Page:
It’s Heating Up — 17 Ways to Bring Down the Cost of Keeping Cool

Using an air conditioner to stay cool can take a big bite out of household budgets.

There’s plenty you can do, though, to cut the cost of cooling a home. For example, sealing air leaks and adding insulation can together boost a home’s heating and cooling efficiency by up to 10 percent, according to the U.S. Environmental Protection Agency.

Here are 17 tips for lowering the cost of keeping cool:

1. Install solar screens

Cool your home by putting solar screens, also called sun-shade screens, on the windows that get the most sun. Generally installed on the outside of windows, they look like insect screens but are made of a mesh material that blocks out some heat and light.

Buy adjustable versions of these screens that fit into window frames, have screens custom-made or make them yourself.

Since the mesh comes in varying densities, shop around at hardware stores to decide which you need before buying.

Another type of mesh, often called shade cloth, also comes in varying densities and can be used outdoors to shade decks, playgrounds, patios and outdoor living areas.

2. Put up window awnings

Install awnings outside above your warmest windows to shade them from the sun’s rays.

3. Hang shutters or roll-up shades

Inexpensive outdoor roll-up shades, often made of bamboo or vinyl, block heat. Hang them outside windows on the sunny side of the house. They are generally rolled up and down manually. Keep them up in winter to invite the sun’s warmth indoors.

Shutters — in vinyl, composite, wood or natural-fiber woven material — also block the sun.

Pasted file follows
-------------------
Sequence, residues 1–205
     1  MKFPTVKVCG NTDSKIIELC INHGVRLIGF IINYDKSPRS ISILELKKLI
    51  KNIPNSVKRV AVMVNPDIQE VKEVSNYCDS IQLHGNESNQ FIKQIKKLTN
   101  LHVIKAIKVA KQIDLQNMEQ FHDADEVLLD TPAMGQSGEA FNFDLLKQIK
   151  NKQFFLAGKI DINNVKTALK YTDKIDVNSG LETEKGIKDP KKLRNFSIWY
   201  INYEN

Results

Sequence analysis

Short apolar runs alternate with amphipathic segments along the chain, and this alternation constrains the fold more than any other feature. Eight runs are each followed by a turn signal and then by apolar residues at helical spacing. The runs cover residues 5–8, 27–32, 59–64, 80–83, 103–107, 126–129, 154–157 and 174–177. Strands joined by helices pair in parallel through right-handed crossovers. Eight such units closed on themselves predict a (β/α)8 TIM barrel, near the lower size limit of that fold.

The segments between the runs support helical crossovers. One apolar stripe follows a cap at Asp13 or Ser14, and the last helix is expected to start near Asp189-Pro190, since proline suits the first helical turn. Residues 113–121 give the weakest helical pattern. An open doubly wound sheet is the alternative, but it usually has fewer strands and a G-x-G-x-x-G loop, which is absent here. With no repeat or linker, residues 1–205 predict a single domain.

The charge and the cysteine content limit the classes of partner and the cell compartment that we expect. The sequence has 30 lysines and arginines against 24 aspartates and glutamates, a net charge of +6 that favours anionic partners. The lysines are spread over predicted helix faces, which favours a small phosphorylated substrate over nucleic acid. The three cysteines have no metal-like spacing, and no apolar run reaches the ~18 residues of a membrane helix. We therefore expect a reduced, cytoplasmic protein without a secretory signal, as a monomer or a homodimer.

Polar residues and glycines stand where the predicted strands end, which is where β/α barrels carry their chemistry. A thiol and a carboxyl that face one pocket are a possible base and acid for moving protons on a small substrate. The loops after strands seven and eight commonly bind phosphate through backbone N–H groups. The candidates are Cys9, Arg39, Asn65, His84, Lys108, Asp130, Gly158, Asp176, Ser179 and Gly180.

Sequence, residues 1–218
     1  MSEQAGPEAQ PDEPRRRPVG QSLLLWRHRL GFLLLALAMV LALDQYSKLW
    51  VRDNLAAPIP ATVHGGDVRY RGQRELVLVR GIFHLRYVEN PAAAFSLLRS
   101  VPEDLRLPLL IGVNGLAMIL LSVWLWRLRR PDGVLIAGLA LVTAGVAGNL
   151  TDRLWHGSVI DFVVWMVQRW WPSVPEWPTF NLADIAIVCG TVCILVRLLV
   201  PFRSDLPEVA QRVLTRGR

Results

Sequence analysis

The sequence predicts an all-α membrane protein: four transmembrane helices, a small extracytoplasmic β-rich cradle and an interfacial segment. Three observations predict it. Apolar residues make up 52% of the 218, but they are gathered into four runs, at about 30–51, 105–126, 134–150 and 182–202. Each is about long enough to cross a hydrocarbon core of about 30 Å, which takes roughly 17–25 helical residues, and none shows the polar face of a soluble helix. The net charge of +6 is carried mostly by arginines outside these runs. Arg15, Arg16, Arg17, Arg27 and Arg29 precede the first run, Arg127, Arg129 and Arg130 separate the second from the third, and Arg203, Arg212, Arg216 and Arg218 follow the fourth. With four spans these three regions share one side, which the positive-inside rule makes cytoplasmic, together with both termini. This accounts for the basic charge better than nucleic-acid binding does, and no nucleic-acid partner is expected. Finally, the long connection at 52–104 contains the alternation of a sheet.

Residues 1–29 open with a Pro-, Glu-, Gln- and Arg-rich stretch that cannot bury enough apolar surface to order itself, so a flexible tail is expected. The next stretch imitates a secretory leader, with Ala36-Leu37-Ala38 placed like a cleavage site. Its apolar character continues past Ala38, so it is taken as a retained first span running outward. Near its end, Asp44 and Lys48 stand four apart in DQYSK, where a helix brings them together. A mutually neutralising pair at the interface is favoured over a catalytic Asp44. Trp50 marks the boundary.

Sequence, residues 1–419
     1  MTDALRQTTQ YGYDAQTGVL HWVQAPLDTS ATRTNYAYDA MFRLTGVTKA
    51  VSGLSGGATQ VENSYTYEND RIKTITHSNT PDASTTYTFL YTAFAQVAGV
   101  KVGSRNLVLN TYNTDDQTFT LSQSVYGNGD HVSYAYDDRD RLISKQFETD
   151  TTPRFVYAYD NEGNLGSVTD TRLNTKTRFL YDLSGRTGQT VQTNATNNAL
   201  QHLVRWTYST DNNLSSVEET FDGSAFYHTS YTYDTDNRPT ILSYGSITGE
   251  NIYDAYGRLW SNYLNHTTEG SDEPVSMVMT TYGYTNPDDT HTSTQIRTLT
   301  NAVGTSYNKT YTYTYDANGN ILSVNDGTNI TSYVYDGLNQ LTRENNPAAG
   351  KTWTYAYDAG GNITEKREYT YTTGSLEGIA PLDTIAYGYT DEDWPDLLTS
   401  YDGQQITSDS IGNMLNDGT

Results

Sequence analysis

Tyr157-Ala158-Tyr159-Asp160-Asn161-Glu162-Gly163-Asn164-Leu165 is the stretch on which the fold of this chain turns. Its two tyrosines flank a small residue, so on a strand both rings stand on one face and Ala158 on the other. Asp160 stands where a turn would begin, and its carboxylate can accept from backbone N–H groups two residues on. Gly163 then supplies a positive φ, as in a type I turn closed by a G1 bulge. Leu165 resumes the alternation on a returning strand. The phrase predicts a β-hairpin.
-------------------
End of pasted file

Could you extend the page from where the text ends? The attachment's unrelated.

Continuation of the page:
4. Keep the air conditioner in tip-top shape

Keeping air-conditioner units at maximum efficiency by having them regularly serviced helps whittle energy bills.

Replace filters monthly when units are in use. Dirty filters block air flow, making the unit draw more power and work harder.

For more tips, check out “Stay Chill and Save Money by Getting Your Air Conditioner Summer-Ready.”

5. Use a programmable thermostat

Set the temperature higher during hours when you don’t need it, such as when you’re at work, or when you don’t need it to be as cool, such as at night. This will save energy and thus money.

Programmable thermostats can be installed yourself. You can get written and video instructions on Lowe’s website.

6. Seal ducts

In homes with forced-air central cooling, the duct system can lose 20 to 30 percent of cooled air to holes and leaks, according to the EPA. Hire a contractor to check for and seal leaks or seal any you find yourself.

7. Seal windows and doors

Expensively cooled indoor air can leak from windows and doors. The U.S. Department of Energy website,, has articles about caulking and weatherstripping that tell how to tighten the seals around your doors and windows.

8. Insulate the attic

Check out the Department of Energy’s site to learn how to conduct an energy audit to locate air leaks throughout the house. Before you install new insulation, seal any leaks and holes in the attic.

9. Use the barbecue

Firing up your barbecue grill and cooking outside instead of in the kitchen on hot days will help keep your home cool.

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